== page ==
It was a beautiful September morning and I had just entered the office and began going through the emails. Out of my peripheral vision my mind registered someone coming through the office door. This was not an uncommon occurrence as I was used to several people coming in and out of the office on a daily basis. What was different on this day was that these “somebodies” were six fully-armed deputies of the local county sheriff’s department, pointing pistols at my head and demanding that I back away from my computer.
In that moment I experienced a rather interesting reaction to this situation; I laughed. I calmly backed away from the computer and in a rather dumbfounded way, asked six surly-looking law-enforcement officers with guns pointed at me, if this was a joke. Thirty seconds later, my employee and I were standing in hand cuffs outside my office listening to the sounds of a battering ram breaking into the front door of my adjacent residence. My response to my young employee was: “Well, this is not a typical morning.”
To make a very long story short, I had rented a room and some studio space to another young man who, as it turns out, had gotten wrapped up in “criminal activity”. After the first 5 minutes of the raid on my property, my employee and I spent the rest of the day hanging out in my office as eleven FBI agents, interviewed me and thoroughly went through my home, office, my studio and computers. By the day’s end I no longer had a renter for my extra room, but I had a very interesting new story to tell, and of course some strong new memories.
What I noticed in the next few days, as I recounted the story to family and friends, was the varying reactions that people had to the story. (How did you react to this story?) Some were horrified, others were angry, many were shocked, and one person began crying as I was telling the story. I was mystified that I was seemingly not fazed by my day with the Feds; and many friends and family asked: “Were you scared?”; “Why are you not more upset?”…”You must still be in shock”. But I wasn’t… it wasn’t terrifying or scary; I actually felt like I had just got back from a cool field trip.
This event happened several years before I found FEFT, and before I started studying the subconscious mind and coming to understand how childhood memories are providing the references for our reactions in our present day-to-day lives. I believe that this event provides many great examples of how the subconscious is running the show. When reflecting now, on those first few minutes of the raid, it is clear to see that my subconscious did not have a negative reference for being surprised at gun-point, and therefore I did not go into “fight-or-flight”. I believe that my subconscious was referencing surprise birthday parties, and other fun surprises (practical jokes) in my past, and therefore did not really see this event as a real danger. The subconscious is constantly looking to previous references to know how to respond or react to situations in our lives. We cannot feel anything (positive or negative) unless we have a reference for it in the past. I can only feel frightened by a situation if I have a reference for it somewhere in my past. In the moment of the raid, the only thing that my subconscious was referring to was surprise parties and practical jokes.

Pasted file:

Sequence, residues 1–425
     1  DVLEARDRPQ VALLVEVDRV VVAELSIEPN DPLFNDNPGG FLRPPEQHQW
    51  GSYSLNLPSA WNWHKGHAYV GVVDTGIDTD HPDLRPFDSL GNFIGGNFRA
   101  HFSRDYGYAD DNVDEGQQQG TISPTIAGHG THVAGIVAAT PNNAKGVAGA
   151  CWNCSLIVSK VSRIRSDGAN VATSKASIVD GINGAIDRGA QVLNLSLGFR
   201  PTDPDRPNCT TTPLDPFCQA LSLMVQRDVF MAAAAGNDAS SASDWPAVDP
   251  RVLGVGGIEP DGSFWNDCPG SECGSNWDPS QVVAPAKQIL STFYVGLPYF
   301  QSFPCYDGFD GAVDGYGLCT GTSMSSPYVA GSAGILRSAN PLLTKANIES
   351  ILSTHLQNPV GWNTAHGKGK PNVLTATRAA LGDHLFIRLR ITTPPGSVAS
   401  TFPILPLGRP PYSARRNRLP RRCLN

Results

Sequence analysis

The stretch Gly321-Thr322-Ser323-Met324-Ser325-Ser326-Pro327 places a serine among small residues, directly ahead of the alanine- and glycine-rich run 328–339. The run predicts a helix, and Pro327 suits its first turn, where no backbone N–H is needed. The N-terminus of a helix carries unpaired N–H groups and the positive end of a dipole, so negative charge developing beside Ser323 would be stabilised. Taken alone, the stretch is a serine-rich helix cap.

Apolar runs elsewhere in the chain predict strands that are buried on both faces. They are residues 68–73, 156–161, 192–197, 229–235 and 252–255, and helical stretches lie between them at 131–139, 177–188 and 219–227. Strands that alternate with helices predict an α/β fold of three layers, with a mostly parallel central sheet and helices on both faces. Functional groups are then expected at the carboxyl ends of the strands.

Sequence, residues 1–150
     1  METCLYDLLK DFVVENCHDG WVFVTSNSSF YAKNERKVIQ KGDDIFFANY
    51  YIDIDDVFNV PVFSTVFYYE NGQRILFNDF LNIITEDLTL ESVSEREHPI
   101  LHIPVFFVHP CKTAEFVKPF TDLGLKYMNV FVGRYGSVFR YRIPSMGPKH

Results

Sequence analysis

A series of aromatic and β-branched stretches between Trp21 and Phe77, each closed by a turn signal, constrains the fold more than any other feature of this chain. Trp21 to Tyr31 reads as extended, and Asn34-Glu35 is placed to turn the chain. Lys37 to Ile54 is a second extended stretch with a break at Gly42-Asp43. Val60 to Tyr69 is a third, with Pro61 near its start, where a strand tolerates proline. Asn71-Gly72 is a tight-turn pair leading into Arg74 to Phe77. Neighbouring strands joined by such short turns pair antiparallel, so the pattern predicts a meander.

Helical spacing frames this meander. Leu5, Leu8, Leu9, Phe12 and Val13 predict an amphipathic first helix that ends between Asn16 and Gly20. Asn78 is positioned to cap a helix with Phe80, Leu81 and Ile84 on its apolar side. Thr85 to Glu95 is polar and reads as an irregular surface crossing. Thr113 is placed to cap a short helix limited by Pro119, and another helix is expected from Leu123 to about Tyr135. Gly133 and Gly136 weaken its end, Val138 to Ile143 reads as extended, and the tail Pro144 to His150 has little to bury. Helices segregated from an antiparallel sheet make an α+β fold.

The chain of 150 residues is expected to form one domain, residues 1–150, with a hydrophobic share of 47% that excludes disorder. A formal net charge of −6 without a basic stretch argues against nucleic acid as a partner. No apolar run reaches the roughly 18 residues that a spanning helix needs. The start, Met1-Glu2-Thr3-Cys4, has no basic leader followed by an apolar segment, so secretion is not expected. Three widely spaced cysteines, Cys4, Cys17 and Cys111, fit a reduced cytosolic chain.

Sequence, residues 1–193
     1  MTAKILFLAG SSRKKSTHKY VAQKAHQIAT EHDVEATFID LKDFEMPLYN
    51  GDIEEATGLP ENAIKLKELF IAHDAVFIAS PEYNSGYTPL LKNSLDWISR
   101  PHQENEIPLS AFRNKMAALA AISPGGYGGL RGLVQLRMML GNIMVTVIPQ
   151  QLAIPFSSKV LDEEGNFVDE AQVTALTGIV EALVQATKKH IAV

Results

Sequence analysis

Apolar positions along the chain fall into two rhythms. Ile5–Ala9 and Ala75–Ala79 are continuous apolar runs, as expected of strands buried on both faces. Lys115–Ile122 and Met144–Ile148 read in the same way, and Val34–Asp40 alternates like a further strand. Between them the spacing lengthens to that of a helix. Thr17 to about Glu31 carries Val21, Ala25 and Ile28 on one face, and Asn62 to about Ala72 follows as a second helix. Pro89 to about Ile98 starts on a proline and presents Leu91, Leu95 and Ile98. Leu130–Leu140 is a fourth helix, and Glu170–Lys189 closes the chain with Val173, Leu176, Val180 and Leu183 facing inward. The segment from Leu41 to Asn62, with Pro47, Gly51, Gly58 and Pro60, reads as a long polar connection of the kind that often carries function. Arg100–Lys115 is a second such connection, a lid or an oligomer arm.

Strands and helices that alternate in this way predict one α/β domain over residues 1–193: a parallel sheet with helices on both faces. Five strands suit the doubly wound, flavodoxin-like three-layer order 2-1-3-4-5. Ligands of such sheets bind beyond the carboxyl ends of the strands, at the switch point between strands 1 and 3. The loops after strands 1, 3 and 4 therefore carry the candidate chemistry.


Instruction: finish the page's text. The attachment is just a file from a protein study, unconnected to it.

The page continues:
Looking at how my family and friends reacted to news of this event also illustrates this point. They were all reacting to this story through their own references. Some felt, angry or terrorized, or betrayed, or shocked. They were “seeing” or hearing this story through their own unique lenses of all their past memories. Their memories provided their subconscious minds a reaction, or way to feel, about the story.
While this event may seem extraordinary, it really isn’t any different than any other event or story in our lives. In each and every moment the subconscious is referring to the stored references and proofs that we have, in the form of childhood memories. It then prompts the brain to trigger the organs to produce chemicals, which create feelings, sensations and emotions. These feelings and sensations prompt urges, impulses and reactions. It is how we react in every situation of our lives. So, if we want to change the way we are reacting or feeling in our present day lives, we must change up what the subconscious is referring to; we must change our childhood memories. As many of you who have started this process have experienced - it is possible to do this, and it doesn’t need to take a long time. As I know from personal experience and working with clients, even changing just one negative childhood memory may have massive life changing effects.
- Steve Remmert
Odille and Steve Remmert are specialists in subconscious reprogramming. Having significantly transformed their own lives by changing their subconscious programming, they're excited to be helping others do the same!